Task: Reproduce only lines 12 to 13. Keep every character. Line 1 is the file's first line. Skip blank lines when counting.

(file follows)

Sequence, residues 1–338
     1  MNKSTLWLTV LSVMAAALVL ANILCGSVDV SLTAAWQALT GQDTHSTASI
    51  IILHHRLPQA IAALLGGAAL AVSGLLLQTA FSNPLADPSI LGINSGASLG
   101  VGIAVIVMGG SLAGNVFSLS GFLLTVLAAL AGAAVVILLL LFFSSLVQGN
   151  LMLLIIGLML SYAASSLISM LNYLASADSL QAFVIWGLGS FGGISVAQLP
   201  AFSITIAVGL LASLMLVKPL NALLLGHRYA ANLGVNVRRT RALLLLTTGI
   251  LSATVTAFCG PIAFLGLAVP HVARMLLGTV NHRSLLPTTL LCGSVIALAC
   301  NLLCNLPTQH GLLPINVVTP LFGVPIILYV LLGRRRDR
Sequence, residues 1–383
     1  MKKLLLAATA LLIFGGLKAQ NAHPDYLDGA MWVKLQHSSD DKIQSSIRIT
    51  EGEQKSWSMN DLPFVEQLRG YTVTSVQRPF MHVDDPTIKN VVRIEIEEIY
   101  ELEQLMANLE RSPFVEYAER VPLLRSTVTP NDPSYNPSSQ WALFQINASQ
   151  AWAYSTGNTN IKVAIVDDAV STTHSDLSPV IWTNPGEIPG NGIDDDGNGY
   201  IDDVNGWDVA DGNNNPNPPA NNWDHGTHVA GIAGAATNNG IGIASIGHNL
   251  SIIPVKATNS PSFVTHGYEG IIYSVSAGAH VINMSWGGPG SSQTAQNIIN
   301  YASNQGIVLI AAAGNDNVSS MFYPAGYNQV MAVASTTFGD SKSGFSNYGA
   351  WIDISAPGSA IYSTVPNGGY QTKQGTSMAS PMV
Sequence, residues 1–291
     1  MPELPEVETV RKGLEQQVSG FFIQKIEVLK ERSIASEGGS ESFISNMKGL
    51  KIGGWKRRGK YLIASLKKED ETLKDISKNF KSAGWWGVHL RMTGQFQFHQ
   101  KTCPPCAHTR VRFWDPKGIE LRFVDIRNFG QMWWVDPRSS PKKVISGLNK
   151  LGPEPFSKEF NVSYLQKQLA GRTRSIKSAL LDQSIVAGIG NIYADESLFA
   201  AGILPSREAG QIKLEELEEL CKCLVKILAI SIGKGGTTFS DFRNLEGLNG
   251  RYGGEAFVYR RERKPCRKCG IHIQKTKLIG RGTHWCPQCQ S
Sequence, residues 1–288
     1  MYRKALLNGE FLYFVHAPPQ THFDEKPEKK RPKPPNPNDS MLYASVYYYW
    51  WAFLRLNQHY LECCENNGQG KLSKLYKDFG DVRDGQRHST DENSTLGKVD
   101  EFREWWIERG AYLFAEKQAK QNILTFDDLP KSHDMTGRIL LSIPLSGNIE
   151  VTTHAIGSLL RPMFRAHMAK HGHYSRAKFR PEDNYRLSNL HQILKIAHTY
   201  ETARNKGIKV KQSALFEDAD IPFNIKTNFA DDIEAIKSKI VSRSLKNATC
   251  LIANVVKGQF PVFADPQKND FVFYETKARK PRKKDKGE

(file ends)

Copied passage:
   101  ELEQLMANLE RSPFVEYAER VPLLRSTVTP NDPSYNPSSQ WALFQINASQ
   151  AWAYSTGNTN IKVAIVDDAV STTHSDLSPV IWTNPGEIPG NGIDDDGNGY